Helping the victims of Colombia's conflict
Luz Dary Santiesteban stands by the Pacific Ocean in a small Colombian town. “If that sea could talk, it would tell us all about the victims,” she says, pointing to the water. “They all were made to disappear.”
Santiesteban is one of thousands of people in the country whose relatives were murdered during the country’s conflict, which started in 1964 and continues to this day. Although a two month cease fire is currently in force, the war has seen human rights violations against civilians, including extra-judicial executions, kidnappings, forced displacement and land theft carried out by all sides.
Santiesteban and Maria are just two of the millions of victims of this conflict. However, they are also taking a stand to help themselves and their country. Both are active members of the United Nations Development Programme (UNDP) supported victims’ organizations working to help those affected by Colombia’s armed conflict.
To date UNDP has assisted 980 such advocacy groups, many of which were only recently created, providing legal counsel; management and leadership training; and advice on how to build and consolidate an organization. Colombians have been using these groups to better understand and advocate for their own rights.
An example of the help UNDP provides is the workshop on legal rights that Maria, along with 30 other survivors of sexual violence, recently attended. “This training helped me a lot to come to terms with what I have faced. Thanks to the spaces provided we can use this experience to provide care, and offer help to other people and institutions trying to overcome this difficult phase,” she says. In all, 219 UNDP supported legal and psychosocial workshops have helped over 13,500 victims across the country.
Because the crimes and human rights abuses were so widespread during the conflict, until recently, no precise record existed of the number of victims. UNDP gave technical and legal help to the government to document the 1,614 massacres, over 173,000 murders and more than 77,000 cases of forced displacement that occurred during the war. Over 57,000 investigations have now taken place and legal aid has been provided to nearly 10,000 victims.
UNDP is helping the government, police and judicial system to examine the horrors of the past, with technical help in the investigation and prosecution of accused criminals and by helping to draft new laws that protect witnesses and victims.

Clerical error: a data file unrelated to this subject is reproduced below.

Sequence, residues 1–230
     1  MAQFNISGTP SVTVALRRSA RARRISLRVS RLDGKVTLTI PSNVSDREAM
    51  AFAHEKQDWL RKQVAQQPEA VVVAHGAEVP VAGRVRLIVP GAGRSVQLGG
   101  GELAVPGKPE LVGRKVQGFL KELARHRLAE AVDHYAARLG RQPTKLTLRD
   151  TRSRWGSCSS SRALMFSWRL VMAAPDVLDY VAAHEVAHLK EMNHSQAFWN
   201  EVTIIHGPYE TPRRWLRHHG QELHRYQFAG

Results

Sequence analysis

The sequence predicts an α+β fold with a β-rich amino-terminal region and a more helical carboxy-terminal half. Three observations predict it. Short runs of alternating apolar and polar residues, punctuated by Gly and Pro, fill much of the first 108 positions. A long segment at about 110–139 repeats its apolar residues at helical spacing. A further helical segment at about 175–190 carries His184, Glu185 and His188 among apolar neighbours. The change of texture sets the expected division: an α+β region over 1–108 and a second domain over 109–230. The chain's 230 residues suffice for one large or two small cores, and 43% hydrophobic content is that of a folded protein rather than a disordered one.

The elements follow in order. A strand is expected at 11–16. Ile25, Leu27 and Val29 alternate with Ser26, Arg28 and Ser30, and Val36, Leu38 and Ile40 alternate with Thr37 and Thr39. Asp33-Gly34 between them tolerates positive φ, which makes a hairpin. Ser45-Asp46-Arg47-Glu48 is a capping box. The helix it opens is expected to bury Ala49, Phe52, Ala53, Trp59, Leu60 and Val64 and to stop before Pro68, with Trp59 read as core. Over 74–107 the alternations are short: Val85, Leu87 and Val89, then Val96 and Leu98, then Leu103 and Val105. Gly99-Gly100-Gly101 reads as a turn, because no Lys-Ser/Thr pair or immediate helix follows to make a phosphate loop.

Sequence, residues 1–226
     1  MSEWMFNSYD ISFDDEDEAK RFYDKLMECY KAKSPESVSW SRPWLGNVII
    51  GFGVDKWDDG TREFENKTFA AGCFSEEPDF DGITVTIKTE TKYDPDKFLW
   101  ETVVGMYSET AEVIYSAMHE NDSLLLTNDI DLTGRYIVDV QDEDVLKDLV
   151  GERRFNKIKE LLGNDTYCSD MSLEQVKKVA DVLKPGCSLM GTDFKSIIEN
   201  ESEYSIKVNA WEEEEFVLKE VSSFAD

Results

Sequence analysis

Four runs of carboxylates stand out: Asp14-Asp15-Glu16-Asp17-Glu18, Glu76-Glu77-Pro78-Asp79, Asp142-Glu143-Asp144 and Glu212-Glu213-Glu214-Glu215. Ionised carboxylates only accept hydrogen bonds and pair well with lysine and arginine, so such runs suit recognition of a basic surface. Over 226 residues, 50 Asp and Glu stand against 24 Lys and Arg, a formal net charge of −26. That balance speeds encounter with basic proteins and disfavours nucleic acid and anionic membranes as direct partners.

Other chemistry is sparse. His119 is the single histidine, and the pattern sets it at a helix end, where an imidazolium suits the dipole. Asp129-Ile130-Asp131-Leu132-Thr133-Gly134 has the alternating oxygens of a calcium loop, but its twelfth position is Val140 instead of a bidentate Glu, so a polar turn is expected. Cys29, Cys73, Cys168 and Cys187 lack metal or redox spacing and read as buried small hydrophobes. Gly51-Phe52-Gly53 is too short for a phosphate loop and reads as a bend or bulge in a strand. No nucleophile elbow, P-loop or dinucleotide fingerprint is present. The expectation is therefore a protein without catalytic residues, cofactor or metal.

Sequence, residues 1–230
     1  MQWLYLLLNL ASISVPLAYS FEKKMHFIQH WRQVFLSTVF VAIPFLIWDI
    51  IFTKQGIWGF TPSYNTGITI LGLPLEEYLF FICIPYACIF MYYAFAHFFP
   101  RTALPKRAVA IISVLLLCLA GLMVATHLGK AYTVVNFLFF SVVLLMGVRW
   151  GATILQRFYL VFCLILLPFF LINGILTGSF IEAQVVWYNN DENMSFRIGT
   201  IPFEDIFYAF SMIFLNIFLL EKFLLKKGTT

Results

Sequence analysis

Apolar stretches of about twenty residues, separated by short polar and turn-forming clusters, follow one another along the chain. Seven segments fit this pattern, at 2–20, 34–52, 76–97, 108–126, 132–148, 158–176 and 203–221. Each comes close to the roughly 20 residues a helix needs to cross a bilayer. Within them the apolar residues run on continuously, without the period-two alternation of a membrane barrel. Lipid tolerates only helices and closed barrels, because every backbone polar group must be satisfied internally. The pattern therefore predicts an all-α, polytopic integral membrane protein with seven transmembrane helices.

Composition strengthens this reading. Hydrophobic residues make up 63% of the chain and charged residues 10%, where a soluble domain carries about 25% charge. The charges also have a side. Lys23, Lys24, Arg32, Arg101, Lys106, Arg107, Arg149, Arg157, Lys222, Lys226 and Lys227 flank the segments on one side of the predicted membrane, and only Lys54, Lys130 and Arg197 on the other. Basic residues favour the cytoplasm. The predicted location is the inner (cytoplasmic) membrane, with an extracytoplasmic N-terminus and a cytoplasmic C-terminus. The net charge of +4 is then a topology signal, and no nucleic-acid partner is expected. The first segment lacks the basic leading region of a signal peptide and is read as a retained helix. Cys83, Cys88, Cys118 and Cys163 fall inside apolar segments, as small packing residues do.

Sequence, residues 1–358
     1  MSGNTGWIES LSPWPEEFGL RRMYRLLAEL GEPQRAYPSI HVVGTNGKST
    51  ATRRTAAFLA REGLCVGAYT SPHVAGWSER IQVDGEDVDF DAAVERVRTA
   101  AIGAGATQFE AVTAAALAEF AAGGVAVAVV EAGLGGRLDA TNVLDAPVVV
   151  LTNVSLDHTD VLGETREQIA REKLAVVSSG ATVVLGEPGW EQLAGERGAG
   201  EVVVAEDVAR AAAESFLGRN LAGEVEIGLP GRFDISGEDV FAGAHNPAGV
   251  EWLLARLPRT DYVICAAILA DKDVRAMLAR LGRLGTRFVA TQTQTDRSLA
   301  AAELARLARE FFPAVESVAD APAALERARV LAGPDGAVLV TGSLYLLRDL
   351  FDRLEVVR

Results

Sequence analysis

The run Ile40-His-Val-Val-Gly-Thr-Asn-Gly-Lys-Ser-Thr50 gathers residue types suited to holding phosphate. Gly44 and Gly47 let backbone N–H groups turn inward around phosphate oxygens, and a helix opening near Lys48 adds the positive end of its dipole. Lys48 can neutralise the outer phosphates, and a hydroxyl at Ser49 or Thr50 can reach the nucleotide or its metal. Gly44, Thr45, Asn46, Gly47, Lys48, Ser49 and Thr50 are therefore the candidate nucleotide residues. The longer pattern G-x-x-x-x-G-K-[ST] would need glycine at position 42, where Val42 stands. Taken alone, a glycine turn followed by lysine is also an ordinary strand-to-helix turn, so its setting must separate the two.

In some parts of the country, UNDP experts have assisted the government in exhuming remains, providing evidence in the investigation of more than 9,400 missing person cases. 27,400 living victims of the war have received justice from the UNDP supported Ombudsman’s Office and thanks to advocacy from some of the civil society organizations that received UNDP human rights training and legal counsel, 75,000 people have now received some sort of compensation for the suffering they endured as a result of different crimes, landmine contamination of their land, or for the loss of family members.
A national missing persons’ register has also been established with UNDP help, and other law changes, such as the 2011 Victims and Land Restitution Law will provide reparations to over 400,000 people who had land stolen by 2014.
Over 173,000 murders and more than 77,000 cases of forced displacement occurred during the civil war
219 UNDP supported legal and psychosocial workshops have helped over 13,500 victims across the country
Over 57,000 investigations have now taken place and legal aid has been provided to nearly 10,000 victims
In Meta, central Colombia, Maria* is one of the thousands of women estimated to have suffered sexual violence during the conflict. "The crimes that I have experienced generate serious physical and psychological problems that are difficult to deal with every day,” she says.